Stay On Top of Bookkeeping
Many small businesses that are working with a limited number of team members tend to let bookkeeping fall by the wayside. While it might seem more important to focus on other aspects of the business, it can be a disaster if you put off accounting work for too long. To cut down on panic when it’s time to reconcile expenses, make sure to place a high priority on bookkeeping for your small business.
Utilize Available Software
Being a small business owner is actually becoming easier with each passing year, as the technology available continues to improve. In the past, there were no handy tools to help your business stay organized and efficient. Now, there is a wealth of information and tools available to help small business owners be successful. If you’re struggling with accounting, consider investing in a software service for accounting tips. New cloud-based services make it easier than ever to stay organized with automated data input and file sharing.
Open a Line of Credit
Even small expenses can be difficult for a fledgling business to absorb. If you’re struggling to make ends meet in the beginning and you’re also working on improving your business credit score, consider opening a line of credit. Similar to a traditional credit card, a line of credit for your business can be extremely helpful in making routine purchases and can act as a quick source of capital when needed. However, be sure to make payments on time and in full to avoid hurting your credit score. The right credit card for your business can help you boost your credit history and you can even gain cash back rewards.
Make Conservative Estimates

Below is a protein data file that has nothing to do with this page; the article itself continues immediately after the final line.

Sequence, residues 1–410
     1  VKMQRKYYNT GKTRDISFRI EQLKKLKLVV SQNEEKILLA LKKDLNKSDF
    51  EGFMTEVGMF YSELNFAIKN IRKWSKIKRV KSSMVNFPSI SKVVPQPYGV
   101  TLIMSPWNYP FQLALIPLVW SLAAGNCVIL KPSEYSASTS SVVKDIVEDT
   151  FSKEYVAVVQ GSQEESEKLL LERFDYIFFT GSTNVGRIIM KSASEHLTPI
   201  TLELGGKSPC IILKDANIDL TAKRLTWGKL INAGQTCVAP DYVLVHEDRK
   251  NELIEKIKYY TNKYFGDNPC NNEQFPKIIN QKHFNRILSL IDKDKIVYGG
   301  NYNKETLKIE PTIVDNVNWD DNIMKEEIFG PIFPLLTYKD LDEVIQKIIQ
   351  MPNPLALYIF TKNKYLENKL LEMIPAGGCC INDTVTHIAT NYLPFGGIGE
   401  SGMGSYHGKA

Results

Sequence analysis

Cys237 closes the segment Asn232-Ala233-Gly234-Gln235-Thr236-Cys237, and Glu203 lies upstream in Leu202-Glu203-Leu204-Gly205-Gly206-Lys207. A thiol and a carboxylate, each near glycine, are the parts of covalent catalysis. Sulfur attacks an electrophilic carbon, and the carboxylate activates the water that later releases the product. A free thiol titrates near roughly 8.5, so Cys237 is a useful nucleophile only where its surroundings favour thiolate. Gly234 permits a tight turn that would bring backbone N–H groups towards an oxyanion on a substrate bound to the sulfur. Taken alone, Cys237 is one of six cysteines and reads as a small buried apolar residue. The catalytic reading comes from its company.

While it’s tempting to underestimate your expenses for the sake of optimism, it’s best to be practical and prepare for the worst possible outcome. When preparing an expense estimate, make sure to overestimate rather than underestimate. For your business to be lucrative and successful for the long haul, it’s important to be realistic from the very beginning. By ensuring that you’ll be able to handle all expenses, you might be pleasantly surprised to find that your project comes in under budget.
Revise the Budget Often
When you’re in charge of running a small business, never delay revisiting and making changes to the budget. In order to make sure that the business operates as smoothly and efficiently as possible, it’s vital to take time out to carefully evaluate the budget. If you find that you’re consistently underestimating time constraints and expenses, don’t be afraid to start from scratch and create a more realistic budget and set of goals. By regularly scrutinizing the budget and making changes when needed, the business will have the best possible chance of surviving and improving in the future.